CPAP stands for “Continuous Positive Airway Pressure.” A CPAP device is commonly used to treat moderate to severe sleep apnea, a disorder that interrupts breathing during sleep. The CPAP holds airways open by delivering pressurized air through a mask into the nose and mouth during sleep. I generally recommend the use of a CPAP machine for sleep apnea patients, although it must be used every time you sleep or symptoms will return.
I discussed your question about inhalants with Dr. Randy Horwitz, medical director of the Arizona Center for Integrative Medicine, and an expert on CPAP use. He noted that with this device, the air pressure is considerable – much higher than when simply inhaling steam. This can propel droplets deep into the lungs, which is a concern if you use oil-based inhalants (such as essential oils). Even a small amount, Dr. Horwitz said, might cause lung irritation.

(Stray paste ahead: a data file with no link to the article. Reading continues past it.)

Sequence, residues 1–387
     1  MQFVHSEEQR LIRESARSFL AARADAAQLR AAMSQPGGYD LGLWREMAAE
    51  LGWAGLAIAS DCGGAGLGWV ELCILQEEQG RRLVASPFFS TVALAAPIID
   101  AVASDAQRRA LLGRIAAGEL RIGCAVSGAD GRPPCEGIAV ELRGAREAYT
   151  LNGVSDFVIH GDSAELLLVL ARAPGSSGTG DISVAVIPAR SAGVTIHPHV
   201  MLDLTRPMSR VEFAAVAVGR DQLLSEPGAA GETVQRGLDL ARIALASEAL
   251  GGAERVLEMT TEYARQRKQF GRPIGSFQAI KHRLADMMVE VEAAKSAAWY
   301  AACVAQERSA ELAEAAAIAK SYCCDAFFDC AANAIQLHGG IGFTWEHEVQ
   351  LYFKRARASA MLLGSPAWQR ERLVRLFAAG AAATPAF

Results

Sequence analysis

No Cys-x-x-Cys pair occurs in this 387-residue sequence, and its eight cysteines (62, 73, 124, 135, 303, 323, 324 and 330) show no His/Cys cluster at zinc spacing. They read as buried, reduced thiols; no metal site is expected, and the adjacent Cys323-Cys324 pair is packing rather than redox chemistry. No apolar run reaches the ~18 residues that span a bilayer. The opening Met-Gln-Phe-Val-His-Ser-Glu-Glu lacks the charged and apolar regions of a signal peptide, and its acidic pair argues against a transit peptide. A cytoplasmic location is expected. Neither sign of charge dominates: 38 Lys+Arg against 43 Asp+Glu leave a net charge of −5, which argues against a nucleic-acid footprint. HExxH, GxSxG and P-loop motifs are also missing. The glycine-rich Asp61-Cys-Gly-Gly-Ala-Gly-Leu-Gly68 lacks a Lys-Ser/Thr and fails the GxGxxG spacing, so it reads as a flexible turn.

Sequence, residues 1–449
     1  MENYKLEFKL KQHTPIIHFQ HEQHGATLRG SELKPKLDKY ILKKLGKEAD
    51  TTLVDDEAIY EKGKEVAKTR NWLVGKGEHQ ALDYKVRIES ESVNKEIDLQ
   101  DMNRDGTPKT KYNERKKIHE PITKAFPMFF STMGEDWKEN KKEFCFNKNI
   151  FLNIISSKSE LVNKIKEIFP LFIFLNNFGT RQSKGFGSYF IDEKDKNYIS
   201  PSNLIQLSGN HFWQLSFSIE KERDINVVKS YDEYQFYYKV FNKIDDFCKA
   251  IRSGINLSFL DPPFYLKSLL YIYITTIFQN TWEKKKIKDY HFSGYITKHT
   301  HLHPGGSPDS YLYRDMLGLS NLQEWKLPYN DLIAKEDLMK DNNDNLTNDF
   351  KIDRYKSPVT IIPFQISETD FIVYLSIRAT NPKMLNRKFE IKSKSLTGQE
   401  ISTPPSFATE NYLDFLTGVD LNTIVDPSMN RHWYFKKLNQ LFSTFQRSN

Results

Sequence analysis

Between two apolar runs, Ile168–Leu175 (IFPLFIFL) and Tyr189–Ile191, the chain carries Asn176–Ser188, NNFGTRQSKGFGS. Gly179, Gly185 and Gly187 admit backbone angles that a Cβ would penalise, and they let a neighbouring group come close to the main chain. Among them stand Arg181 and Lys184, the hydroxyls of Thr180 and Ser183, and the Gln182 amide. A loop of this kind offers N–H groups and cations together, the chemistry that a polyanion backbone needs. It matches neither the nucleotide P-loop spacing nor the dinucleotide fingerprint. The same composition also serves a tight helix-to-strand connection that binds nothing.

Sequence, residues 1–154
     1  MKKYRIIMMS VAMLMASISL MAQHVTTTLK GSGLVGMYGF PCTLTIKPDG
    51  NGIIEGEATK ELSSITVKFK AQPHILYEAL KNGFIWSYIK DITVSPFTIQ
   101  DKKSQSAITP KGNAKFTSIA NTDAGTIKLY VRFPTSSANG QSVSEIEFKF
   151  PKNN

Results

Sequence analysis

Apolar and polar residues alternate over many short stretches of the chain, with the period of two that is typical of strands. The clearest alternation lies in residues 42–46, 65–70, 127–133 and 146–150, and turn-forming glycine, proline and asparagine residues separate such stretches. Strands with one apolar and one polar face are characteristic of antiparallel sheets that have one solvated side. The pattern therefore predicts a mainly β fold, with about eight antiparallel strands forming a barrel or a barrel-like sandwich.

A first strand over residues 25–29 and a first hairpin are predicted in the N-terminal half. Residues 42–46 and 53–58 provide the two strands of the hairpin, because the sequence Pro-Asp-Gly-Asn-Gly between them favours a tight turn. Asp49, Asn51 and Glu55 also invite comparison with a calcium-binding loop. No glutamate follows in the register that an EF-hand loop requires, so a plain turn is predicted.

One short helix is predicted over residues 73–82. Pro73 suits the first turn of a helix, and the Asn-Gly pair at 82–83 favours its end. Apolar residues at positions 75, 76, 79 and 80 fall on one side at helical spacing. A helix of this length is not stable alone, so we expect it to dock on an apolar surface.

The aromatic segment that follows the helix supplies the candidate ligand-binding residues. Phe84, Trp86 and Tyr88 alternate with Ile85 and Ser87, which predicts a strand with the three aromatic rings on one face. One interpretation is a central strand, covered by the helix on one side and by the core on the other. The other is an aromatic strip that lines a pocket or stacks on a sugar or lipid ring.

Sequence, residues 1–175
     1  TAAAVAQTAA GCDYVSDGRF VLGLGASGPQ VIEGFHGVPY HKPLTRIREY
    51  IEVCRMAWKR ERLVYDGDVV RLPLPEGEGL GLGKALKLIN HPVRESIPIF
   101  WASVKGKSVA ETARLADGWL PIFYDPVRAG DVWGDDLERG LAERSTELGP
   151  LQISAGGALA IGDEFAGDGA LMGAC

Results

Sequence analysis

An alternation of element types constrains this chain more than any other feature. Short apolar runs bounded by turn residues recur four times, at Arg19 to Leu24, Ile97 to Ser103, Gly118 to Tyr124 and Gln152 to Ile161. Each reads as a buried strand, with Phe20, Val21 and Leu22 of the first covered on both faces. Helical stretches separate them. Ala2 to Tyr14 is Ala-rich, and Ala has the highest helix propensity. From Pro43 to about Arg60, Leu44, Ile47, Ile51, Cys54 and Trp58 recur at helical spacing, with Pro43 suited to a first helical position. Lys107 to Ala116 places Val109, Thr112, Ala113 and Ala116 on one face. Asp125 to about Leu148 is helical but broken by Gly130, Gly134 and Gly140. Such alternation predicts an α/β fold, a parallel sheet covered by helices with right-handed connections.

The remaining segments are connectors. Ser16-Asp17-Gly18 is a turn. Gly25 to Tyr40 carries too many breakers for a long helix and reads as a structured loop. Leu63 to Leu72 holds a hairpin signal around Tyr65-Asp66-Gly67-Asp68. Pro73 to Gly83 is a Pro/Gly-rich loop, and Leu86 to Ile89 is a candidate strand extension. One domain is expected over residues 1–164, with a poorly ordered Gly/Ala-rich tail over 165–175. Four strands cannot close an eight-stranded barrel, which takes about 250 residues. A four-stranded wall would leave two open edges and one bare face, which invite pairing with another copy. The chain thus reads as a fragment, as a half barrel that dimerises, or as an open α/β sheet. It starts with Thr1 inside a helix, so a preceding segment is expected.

He also noted that normally a CPAP machine is used during the six to nine hours that you sleep, which is quite different from a few minutes of steam inhalation. He said he would be concerned about the effects of overexposure to an inhalant.
Dr. Horwitz also said he wasn’t sure how much of the dose would treat the bronchioles (small airways), versus coating the nasal and bronchial mucosa. When you inhale steam, it coats and soothes the whole upper respiratory tract. With CPAP’s very powerful airflow the “steam” doesn’t get the chance to linger in the nasal passages and upper bronchioles.
On a final note, Dr. Horwitz mentioned the need to use only distilled water in your CPAP machine and to clean it regularly to avoid mold and contaminants.
Andrew Weil, M.D.